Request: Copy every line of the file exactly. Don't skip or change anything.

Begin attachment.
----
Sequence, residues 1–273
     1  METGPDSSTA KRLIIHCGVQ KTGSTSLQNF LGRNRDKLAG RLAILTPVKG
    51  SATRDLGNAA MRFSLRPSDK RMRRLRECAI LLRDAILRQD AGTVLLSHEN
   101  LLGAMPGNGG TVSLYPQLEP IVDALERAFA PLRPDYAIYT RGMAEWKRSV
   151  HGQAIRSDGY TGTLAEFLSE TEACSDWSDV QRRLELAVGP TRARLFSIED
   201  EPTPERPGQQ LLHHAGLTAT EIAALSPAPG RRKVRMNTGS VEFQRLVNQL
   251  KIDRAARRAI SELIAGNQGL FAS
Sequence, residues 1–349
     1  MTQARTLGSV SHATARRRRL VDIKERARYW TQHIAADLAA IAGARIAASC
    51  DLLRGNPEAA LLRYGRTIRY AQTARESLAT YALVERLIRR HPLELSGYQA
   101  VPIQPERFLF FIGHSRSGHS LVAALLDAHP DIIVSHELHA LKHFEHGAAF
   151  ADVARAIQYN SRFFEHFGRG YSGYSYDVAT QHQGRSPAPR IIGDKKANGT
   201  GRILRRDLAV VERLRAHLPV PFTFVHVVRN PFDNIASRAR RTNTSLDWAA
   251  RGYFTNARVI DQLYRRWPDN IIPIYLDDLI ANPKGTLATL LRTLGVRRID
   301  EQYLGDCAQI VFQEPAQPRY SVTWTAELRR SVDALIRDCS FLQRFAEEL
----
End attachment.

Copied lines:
Sequence, residues 1–273
     1  METGPDSSTA KRLIIHCGVQ KTGSTSLQNF LGRNRDKLAG RLAILTPVKG
    51  SATRDLGNAA MRFSLRPSDK RMRRLRECAI LLRDAILRQD AGTVLLSHEN
   101  LLGAMPGNGG TVSLYPQLEP IVDALERAFA PLRPDYAIYT RGMAEWKRSV
   151  HGQAIRSDGY TGTLAEFLSE TEACSDWSDV QRRLELAVGP TRARLFSIED
   201  EPTPERPGQQ LLHHAGLTAT EIAALSPAPG RRKVRMNTGS VEFQRLVNQL
   251  KIDRAARRAI SELIAGNQGL FAS
Sequence, residues 1–349
     1  MTQARTLGSV SHATARRRRL VDIKERARYW TQHIAADLAA IAGARIAASC
    51  DLLRGNPEAA LLRYGRTIRY AQTARESLAT YALVERLIRR HPLELSGYQA
   101  VPIQPERFLF FIGHSRSGHS LVAALLDAHP DIIVSHELHA LKHFEHGAAF
   151  ADVARAIQYN SRFFEHFGRG YSGYSYDVAT QHQGRSPAPR IIGDKKANGT
   201  GRILRRDLAV VERLRAHLPV PFTFVHVVRN PFDNIASRAR RTNTSLDWAA
   251  RGYFTNARVI DQLYRRWPDN IIPIYLDDLI ANPKGTLATL LRTLGVRRID
   301  EQYLGDCAQI VFQEPAQPRY SVTWTAELRR SVDALIRDCS FLQRFAEEL